1. I definitely cannot write my life story, because then future generations will know how much of my fiction was harvested from reality! (Kidding!… mostly.) You make a great point about preserving some of the details and stories of the present. I think the interest in one’s family tree correlates with a lot of other hobbies — for me, writing/blogging, photography and scrapbooking all occupy the same plain. When those future generations dig into “Gramma Brandy’s” old papers, they’ll find photo albums and wedding books, journals, letters and cards, Bible study notes… and considering that Tweets are archived at the Library of Congress, I suppose they’ll know what I thought about a lot of “little things!” Thanks for reading, mionsiog!

  4. Well, what a coincidence that we both blogged on this theme on the same day! As I said in my earlier reply to you, writing it down in a meaningful way for my family and descendants is something I plan to do, and I do agree with you that there is the danger for a natural ‘storyteller’ to spice it up! Thanks for this – enjoyed reading your thoughts.

    1. I thought so too! Here’s another coincidence — “The Armchair Genealogist” is hosting(?) February as “The Family History Writing Challenge.” They’ve held this Challenge before, but I didn’t know about it until after I decided to put together this series of blog posts! As for me, I am trying to wrap up a big project this month and don’t know if I want to take on another right away, but I do want to gather up the stories in an accessible format.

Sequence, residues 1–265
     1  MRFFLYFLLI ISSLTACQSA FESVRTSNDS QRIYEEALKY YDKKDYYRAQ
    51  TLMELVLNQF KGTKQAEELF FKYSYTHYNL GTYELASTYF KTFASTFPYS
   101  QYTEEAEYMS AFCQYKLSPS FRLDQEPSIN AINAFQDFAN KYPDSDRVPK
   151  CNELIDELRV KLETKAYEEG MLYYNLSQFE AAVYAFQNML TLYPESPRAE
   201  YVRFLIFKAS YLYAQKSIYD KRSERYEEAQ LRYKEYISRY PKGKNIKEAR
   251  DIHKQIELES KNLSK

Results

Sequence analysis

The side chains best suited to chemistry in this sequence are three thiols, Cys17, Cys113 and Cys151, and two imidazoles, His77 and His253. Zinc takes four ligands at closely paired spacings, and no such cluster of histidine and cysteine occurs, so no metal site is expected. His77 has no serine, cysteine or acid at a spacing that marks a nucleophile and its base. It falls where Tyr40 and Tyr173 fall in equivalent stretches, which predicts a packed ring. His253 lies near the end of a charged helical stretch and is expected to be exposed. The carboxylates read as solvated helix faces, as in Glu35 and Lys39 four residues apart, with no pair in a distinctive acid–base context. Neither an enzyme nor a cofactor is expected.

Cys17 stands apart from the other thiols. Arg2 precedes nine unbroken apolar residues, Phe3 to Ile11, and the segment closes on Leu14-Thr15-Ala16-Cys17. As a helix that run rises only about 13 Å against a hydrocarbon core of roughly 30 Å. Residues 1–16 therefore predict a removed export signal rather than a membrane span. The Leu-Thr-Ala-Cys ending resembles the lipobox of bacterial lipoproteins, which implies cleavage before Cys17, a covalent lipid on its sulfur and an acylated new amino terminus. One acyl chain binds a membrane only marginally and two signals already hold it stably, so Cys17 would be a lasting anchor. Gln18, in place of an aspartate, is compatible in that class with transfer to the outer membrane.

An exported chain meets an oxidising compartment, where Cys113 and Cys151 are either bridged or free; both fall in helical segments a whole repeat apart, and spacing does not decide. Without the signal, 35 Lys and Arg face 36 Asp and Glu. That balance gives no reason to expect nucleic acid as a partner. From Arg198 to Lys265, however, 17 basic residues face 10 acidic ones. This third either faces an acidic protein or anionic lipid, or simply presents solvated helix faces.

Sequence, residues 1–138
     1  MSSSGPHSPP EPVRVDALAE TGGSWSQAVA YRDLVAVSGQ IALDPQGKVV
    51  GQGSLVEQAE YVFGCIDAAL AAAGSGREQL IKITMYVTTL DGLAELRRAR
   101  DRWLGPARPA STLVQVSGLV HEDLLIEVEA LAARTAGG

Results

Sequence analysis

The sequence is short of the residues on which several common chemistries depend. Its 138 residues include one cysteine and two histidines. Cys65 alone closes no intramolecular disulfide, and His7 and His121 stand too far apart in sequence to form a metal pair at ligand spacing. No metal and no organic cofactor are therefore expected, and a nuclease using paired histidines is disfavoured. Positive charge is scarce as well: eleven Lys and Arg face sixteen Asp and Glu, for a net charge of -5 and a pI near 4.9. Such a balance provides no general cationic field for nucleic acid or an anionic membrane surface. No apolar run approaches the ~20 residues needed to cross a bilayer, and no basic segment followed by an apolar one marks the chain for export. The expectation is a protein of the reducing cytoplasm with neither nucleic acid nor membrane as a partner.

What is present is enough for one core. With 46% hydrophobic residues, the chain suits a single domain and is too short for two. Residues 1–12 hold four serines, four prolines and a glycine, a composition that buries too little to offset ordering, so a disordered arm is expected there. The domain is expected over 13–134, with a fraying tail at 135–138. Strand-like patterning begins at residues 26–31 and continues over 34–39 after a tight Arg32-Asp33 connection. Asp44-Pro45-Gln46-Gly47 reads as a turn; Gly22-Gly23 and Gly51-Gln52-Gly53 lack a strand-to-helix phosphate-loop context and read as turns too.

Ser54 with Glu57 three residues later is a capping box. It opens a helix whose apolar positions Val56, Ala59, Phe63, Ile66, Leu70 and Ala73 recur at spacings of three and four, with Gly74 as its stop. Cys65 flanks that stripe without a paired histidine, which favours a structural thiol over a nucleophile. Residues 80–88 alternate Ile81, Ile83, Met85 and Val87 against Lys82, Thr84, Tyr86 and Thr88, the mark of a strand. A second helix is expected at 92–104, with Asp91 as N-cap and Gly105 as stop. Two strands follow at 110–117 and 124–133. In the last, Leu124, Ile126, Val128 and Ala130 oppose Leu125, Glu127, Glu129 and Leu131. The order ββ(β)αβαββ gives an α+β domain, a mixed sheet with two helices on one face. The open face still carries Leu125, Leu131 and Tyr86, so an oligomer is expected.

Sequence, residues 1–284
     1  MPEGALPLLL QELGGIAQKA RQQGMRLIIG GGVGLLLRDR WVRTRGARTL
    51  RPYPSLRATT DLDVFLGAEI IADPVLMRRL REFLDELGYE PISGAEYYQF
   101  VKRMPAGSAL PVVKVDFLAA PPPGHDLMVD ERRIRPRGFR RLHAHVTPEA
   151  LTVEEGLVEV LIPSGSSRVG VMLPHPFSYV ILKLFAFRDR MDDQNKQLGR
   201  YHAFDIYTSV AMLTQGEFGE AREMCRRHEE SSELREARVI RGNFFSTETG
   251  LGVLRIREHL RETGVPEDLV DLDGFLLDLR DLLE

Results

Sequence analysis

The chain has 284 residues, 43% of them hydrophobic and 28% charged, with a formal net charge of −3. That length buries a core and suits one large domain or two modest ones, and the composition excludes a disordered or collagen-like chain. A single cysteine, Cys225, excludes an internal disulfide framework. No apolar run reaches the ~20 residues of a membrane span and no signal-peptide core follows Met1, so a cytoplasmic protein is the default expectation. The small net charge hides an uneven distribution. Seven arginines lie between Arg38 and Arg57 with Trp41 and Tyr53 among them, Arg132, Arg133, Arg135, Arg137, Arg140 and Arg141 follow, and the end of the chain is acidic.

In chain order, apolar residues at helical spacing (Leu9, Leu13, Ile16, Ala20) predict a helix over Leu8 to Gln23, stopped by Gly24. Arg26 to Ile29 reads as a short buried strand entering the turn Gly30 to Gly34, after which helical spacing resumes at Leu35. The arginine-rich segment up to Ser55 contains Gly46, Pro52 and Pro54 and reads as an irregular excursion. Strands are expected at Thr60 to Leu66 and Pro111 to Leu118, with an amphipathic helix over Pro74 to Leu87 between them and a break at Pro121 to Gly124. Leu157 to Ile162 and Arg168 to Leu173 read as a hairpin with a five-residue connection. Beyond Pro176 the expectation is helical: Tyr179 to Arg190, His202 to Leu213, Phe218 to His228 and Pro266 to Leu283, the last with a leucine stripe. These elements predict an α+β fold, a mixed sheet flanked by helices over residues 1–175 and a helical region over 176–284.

5. Reblogged this on telling family tales and commented:
    There is so much great information out there and the main goal of my blog is to bring together in one place all the information you need to put together a great family story project. I haven’t been doing enough of gathering these resources but I’m going to make sure that at least once each week I link you to a blog or other website with great information to help you tell your families tales. This post by Brandy is right on track. To really share you family stories you have to have more than dates and other facts, story telling is the key. I’ll be watching Brandy’s series closely.

  6. Thanks for sharing this story it was an interesting one! I can totally relate to the other family members not being interested in genealogy! Thankfully I have found two relatives I didn’t even know I had who share the passion!

    1. Yes, I don’t know what I’d do if I didn’t have anyone to be thrilled with me on such momentous occasions as when Ancestry or Familysearch releases a new database! 😀 But the main thing I’m trying to keep in mind is that while records contain details, stories connect them — and us. Thanks for reading!